Constructing hope and safety on Nauru:Challenging men to shed abusive behaviours and attitudes.

Stream: Working With Men/ Perpetrators to Address Violence against Women
Date: Wednesday, 11 February 2015
Time: 3.15 pm – 5.00 pm


In July 2014, the Office of Women’s Affairs in Nauru hosted a series of workshops for workers to engage in men’s behaviour change, to shed abusive beliefs and violence. This paper will look at the issues of starting a men’s behaviour change program, as part of an integrated response to family violence in Nauru that includes Corrections, Police, Prosecutors, Probation officers, NGOs and DV Support Services. The cultural context, the felt need in the community, the growing awareness of the impact of men’s violence and the political will to do something, all combine to influence whether such a program starts and is effective, or not. The program philosophy, based mainly on Personal Construct Theory, is examined. The SHED tools used in assessing and working with men who use violence, are discussed and their strengths and limitations outlined. Stories of hope about men engaged in behaviour change in their communities are used to build alternatives to abuse and violence in Nauru and to counter the influence of patriarchy.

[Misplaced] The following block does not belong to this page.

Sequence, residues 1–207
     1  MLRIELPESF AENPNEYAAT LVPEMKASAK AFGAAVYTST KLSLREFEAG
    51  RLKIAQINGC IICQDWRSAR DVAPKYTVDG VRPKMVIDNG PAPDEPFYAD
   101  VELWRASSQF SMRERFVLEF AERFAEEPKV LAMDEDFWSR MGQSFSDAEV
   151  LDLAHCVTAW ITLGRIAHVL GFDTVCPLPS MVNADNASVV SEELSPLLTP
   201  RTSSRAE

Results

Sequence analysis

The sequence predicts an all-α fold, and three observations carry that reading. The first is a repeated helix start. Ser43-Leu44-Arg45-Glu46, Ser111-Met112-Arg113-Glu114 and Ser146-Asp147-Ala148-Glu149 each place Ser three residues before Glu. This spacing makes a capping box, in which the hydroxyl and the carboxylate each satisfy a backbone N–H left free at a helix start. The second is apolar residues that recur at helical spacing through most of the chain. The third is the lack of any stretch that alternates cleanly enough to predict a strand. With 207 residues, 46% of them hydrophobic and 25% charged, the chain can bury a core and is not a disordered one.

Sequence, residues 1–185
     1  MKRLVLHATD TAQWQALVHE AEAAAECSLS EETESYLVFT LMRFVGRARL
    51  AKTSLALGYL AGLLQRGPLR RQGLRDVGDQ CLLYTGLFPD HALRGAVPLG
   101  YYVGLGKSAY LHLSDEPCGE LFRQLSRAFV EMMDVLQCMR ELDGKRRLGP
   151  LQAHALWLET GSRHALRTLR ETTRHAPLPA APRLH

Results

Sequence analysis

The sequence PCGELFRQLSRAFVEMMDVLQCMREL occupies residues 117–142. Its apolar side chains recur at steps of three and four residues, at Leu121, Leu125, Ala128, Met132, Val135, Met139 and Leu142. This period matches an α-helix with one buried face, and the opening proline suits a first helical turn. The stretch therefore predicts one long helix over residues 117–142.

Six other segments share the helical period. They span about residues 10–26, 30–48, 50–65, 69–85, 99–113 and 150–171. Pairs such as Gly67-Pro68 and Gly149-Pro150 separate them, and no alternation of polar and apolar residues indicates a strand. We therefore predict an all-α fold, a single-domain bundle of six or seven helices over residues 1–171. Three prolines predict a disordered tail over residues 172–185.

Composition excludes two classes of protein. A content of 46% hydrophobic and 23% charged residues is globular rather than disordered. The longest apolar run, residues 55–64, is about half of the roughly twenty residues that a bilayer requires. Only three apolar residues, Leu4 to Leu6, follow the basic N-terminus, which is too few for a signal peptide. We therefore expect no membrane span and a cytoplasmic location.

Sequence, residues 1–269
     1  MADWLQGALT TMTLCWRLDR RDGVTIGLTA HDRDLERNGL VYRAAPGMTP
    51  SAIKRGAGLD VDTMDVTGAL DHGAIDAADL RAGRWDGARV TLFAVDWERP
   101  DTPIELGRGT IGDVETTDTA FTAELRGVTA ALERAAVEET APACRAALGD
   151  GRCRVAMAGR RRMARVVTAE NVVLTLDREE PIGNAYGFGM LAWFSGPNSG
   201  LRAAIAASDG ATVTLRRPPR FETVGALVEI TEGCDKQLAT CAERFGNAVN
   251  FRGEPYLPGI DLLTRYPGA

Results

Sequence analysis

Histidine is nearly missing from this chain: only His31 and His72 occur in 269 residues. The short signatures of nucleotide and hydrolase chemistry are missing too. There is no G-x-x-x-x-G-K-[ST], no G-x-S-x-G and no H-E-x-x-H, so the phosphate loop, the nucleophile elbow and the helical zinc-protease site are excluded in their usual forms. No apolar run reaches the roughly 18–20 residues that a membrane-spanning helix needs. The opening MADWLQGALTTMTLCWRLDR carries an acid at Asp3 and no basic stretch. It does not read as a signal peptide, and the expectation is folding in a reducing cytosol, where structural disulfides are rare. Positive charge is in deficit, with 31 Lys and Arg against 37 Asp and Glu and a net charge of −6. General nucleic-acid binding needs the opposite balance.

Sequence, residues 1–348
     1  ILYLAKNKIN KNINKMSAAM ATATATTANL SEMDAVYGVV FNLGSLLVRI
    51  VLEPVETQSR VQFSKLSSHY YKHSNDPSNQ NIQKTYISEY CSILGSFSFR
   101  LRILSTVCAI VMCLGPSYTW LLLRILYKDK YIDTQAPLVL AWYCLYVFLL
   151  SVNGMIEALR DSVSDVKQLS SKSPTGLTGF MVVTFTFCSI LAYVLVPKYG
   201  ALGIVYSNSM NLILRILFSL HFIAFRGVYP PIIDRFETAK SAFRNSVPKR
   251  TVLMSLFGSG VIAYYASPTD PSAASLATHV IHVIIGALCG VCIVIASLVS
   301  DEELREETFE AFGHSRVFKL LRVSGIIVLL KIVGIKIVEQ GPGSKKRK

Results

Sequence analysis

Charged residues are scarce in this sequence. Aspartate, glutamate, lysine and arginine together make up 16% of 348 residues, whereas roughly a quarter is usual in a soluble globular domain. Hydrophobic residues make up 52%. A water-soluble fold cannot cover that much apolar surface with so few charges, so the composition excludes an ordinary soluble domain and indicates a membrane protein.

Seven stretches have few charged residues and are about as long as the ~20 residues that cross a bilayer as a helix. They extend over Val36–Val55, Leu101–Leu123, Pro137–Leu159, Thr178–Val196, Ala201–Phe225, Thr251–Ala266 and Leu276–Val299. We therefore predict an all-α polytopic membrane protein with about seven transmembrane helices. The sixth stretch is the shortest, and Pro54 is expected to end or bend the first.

Edward Grundler (Presenter), Office of Women's Affairs, Nauru
Edward Grundler is 35 years old, the father of four children, and has worked with Nauru Woman's Affairs since 2009 as a Male Champion from the White Ribbon Campaign. Since July 2014 he is working for the Nauru Women's Affairs to accommodate their new SHED (Self Help Ending Domestics) Project for men’s behaviour change. His position is Project Officer/ SHED Coordinator involving assessing, counseling, mentoring, group facilitation and networking.

Chris Laming (Presenter), Federation Uni Australia
Chris Laming PhD, is a social worker and academic who has challenged men's violence against women and children for more than twenty years. He teaches at a regional university in Australia. His research looks at constructivist approaches that enable men to change, within the context of an integrated family violence service system response.